SNAPSHOT: Renewables and Efficiency Jobs Surge While Fossil Employment Sags

 
0
0
Share:
  •  
  • 1
  •  
  •  
  •  
  •  
  •  
    1
    Share
Skeeze/Pixabay

At the level of raw numbers, job creation in 2018 was one of the simplest, most straightforward pieces of the climate change puzzle: while renewable energy and energy efficiency delivered more than 10 million jobs around the world and promised many more in the near future, oil and gas producers were trying to actively trim their work force, while a crashing coal industry continued to lay off workers by the hundred.

In May, the International Renewable Energy Agency reported that renewables had created 10.3 million jobs worldwide as far back as 2016 and was on track to employ as many as 28 million people by 2050. An early September report by the Global Commission on the Economy and Climate was even more optimistic, projecting that “bold action” on climate could deliver more than 65 million low-carbon jobs and at least US$26 trillion in economic benefits by 2030.

Environmental Entrepreneurs identified the cities that had become “America’s top 50 clean energy job engines,” with more than half of the national total of nearly 3.2 million jobs. “Each day, more than three million Americans wake up and get to work building our clean energy economy,” E2 reported. “These workers install solar panels atop our homes and commercial buildings, manufacture wind turbines, and reduce wasted energy by making our homes, schools, and offices more energy efficient. And they now work in every zip code in the country.” Renewables employment was booming in the United States in spite of trade action against the country’s solar industry and assorted uncertainties at the state level, and New York’s new energy efficiency target included training for 19,500 workers.

Canadian fossil lobbyists continued to tout their industry’s commitment to job creation despite continuing efforts to “de-man” the industry, and U.S. fossils tried to court Hispanic and African-American communities by promising employment in a re-emerging offshore drilling industry. Labour-saving efficiencies wiped out thousands of fossil jobs in Alberta, although Canada’s railways went on a bit of a hiring spree as oil-by-rail shipments set new records. A moment of relatively high oil prices produced optimism but not euphoria in the Canadian oilpatch, as analysts conceded that even a full fossil recovery would not bring a huge spike in employment. Suncor introduced driverless trucks and cut 400 tar sands/oil sands jobs, and Parkland Institute political economist Ian Hussey cited declining jobs and tax revenue as evidence that the tar sands/oil sands era is over.

Globe and Mail columnist and self-described climate hawk Denise Balkissoon said a commitment to a just job transition would help bridge the divide over the intensely controversial Trans Mountain pipeline expansion. I’m glad the oil sands are a sunset industry: they’re an absolute environmental nightmare,” she wrote. “That doesn’t mean those who work there are bad people, but that everyone in Canada needs to help them move on.”

The Dogwood Initiative shone a light on the coastal jobs in British Columbia that would be put at risk by Trans Mountain. Colorado ski operators and their employees stood to lose billions due to warmer, drier winters; the Trump administration’s attack on tailpipe emission standards was set to undercut the competitiveness of the U.S. auto industry; and questions about the future of work in a warming world were being met with deafening silence.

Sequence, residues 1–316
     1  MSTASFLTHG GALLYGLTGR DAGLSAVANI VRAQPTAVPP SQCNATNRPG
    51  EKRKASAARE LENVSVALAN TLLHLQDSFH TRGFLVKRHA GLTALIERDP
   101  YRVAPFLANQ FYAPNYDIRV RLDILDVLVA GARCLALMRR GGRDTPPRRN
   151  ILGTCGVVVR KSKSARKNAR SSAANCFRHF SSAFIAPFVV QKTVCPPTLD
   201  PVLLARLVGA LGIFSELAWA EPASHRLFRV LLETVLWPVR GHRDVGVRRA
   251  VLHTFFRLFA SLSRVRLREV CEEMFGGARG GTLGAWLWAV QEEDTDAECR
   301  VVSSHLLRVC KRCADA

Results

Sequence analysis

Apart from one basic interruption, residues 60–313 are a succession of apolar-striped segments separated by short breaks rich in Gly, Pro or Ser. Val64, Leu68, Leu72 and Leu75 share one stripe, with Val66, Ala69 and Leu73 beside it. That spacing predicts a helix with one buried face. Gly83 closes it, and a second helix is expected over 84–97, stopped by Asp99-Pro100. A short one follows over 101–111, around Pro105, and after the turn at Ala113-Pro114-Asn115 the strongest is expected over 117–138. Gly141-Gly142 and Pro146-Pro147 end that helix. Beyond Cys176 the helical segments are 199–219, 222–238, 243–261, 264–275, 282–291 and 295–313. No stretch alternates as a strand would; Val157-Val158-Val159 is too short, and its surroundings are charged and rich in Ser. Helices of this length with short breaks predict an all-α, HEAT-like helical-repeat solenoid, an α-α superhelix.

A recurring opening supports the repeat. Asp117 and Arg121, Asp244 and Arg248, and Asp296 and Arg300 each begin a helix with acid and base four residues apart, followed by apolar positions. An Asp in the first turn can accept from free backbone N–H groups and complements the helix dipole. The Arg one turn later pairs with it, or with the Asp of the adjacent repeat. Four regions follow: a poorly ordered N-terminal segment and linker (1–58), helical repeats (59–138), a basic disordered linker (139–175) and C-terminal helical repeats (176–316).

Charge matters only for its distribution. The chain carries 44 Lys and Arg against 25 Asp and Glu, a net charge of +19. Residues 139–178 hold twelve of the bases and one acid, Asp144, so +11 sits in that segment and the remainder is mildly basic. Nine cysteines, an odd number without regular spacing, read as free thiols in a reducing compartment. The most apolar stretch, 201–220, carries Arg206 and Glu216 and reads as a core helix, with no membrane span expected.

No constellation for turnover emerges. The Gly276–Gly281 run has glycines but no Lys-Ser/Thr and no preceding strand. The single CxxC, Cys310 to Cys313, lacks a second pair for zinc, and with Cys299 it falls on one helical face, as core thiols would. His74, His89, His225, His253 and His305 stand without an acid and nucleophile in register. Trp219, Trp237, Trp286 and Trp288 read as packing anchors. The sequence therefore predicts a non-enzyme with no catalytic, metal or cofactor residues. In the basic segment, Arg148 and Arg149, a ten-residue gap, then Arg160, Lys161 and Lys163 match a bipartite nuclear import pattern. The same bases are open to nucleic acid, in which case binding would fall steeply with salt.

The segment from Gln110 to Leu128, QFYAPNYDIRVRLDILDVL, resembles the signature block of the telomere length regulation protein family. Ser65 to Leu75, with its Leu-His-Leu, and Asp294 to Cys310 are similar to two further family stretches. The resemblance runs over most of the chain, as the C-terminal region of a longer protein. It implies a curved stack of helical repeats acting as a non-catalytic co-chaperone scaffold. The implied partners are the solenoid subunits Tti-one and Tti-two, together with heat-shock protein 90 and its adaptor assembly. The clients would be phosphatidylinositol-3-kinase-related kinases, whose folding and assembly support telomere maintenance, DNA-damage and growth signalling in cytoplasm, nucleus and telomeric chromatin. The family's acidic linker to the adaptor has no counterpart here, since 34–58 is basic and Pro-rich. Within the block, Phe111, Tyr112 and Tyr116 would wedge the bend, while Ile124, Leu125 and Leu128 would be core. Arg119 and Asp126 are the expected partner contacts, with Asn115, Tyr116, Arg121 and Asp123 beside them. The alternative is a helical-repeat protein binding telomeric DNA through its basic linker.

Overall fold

The Canadian Centre for Policy Alternatives issued a just transition report calling for a stronger social safety net for workers affected by the post-carbon transition. Ottawa unveiled its 2030 transition plan for coal workers and communities and appointed Hassan Yussuff of the Canadian Labour Congress and Lois Corbett of the Conservation Council of New Brunswick to co-chair its 11-member Just Transition Task Force. In early November, the task force called for a longer time span for retraining grants for coal workers. “It’s easy to say, ‘You’re going to phase out an industry, this is government policy,’” Yussuff said. “The next thing is, what will take its place? Because you can’t just shut down a coal generation facility.”

A study for Efficiency Canada calculated that the pan-Canadian climate plan will generate 118,000 energy efficiency jobs through 2030, Alberta introduced a new training course for solar and wind farm technicians, and a technicians’ course in Texas had students “climbing wind turbines to the middle class.” Coal miners and their work ethic were finding a home in the green economy.

In the United States, meanwhile, government data showed a purported coal industry recovery evaporating. The looming closure of the Navajo coal-fired generating station in Arizona imperiled 800 jobs, a West Virginia coal mine closure cost another 400, and eight coal executives took away US$10.2 million in salary and bonuses when the Westmoreland Coal Company went bankrupt. Oakland cancelled a coal export lease, Kentucky’s coal industry continued to decline despite Trump’s overblown promises to the contrary, Korean banks refused to finance the massive Adani coal mine in Australia, and the global coal industry was on track to shed 100,000 jobs this decade.

LATEST NEWS ON THIS TOPIC

Use Pandemic Stimulus to Create Clean Energy Jobs, Canadian Associations Urge Ottawa

The federal government’s economic stimulus in response to the COVID-19 pandemic must signal continuity in climate policy, provide “sufficient, sustained, and sustainable stimulus”, and use existing programs to quickly support clean energy solutions, a dozen leading energy transition associations said last week, in a letter to Prime Minister Justin Trudeau coordinated by Clean Energy Canada.